Some hawkish elements in pursuit of their own agendas have suggested that the Pakistan should take on the US. They want the military to shoot down the drones and the government to block NATO supplies to Afghanistan. Keeping in mind the overwhelmingly anti-US mood of the street, this will be a popular move. However in the backdrop of the country's fragile economy and polity it will be a suicidal path to embark upon.
The recent thaw at Thimphu was also a result of President Obama's role as a quiet facilitator. Foreign Minister Shah Mehmood Quershi's telephone call on Tuesday to his Indian counterpart S M Krishna inviting him to talks in Islamabad on July 15 had a certain urgency and poignancy in the context of recent developments. It is a positive development that the two countries have not made terrorism as a precondition for talks. With Islamabad already under pressure, the US ambassador to New Delhi, against all diplomatic norms, did not mince his words while lecturing Islamabad on keeping US and Indian sensitivities on terrorism in mind.
Whether it is the Kashmir issue, the water issue or other bilateral problems with New Delhi, in order to avoid a two-front situation, Islamabad will have to engage in intense diplomatic activity to keep its eastern borders free of tension. The terrorist threat from within has now gone global with potentially disastrous consequences for the Pakistani state. Gen Kayani contends that so far as a threat from India is concerned, the Pakistani military has to go by the capabilities of its eastern neighbour rather than mere intentions.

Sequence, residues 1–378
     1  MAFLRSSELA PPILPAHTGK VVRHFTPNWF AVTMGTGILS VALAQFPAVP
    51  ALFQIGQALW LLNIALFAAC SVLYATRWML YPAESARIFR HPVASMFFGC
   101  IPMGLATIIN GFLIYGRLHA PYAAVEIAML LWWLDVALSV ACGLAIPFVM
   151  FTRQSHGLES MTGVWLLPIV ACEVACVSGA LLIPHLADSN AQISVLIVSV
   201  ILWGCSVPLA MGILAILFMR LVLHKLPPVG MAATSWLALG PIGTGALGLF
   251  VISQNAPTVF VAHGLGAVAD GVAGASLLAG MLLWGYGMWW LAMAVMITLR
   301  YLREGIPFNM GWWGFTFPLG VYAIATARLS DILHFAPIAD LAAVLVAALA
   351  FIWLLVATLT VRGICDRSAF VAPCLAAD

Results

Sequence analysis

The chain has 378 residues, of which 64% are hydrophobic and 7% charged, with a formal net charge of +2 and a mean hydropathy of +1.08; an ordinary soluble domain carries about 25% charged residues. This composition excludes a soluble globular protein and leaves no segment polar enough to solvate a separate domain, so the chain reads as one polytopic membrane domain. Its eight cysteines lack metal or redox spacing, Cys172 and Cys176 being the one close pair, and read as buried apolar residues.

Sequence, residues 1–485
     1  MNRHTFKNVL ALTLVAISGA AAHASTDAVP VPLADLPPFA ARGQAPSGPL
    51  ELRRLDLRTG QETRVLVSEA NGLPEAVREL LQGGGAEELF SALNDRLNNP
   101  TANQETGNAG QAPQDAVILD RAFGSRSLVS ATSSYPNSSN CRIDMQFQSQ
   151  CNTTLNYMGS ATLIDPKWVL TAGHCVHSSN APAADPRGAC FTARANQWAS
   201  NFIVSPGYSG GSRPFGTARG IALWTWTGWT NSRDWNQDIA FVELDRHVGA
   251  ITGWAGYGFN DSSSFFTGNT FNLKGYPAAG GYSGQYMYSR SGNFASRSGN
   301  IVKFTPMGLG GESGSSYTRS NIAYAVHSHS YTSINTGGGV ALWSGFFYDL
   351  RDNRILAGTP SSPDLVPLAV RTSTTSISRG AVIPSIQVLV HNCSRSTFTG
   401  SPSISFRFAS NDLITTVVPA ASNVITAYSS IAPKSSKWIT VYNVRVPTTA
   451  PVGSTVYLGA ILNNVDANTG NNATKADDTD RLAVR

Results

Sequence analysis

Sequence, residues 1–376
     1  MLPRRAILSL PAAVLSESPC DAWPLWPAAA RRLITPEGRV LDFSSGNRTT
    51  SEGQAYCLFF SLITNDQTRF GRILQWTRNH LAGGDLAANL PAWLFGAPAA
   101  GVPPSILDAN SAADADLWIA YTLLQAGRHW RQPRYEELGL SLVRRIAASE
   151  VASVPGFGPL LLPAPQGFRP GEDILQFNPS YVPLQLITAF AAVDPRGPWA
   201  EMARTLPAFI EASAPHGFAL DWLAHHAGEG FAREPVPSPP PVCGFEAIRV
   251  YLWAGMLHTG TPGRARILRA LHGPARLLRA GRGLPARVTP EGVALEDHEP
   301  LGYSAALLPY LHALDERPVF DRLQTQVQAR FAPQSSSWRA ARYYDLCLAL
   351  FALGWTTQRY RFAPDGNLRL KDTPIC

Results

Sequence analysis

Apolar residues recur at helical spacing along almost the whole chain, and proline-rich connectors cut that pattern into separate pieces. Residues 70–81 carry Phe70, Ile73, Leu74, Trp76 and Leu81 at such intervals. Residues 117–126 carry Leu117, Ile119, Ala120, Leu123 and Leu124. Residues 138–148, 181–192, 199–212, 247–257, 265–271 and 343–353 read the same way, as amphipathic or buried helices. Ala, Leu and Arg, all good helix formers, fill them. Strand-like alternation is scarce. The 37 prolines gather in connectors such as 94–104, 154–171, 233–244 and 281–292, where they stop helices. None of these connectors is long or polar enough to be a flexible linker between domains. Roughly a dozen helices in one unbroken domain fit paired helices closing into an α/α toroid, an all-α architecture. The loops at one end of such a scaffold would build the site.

In this context Afghanistan and the Taliban are seen as the strategic depth. We have to revisit this strategic paradigm with out-of-the-box thinking. For our own survival, we will have to move decisively against elements that are threatening to eat into the entrails of the state as it was envisioned by Quaid and Iqbal. Despite Pakistan's being a nuclear power, it might not be possible for long to stick to our traditional strategic thinking. Especially when we are witnessing a US-India nexus in the making.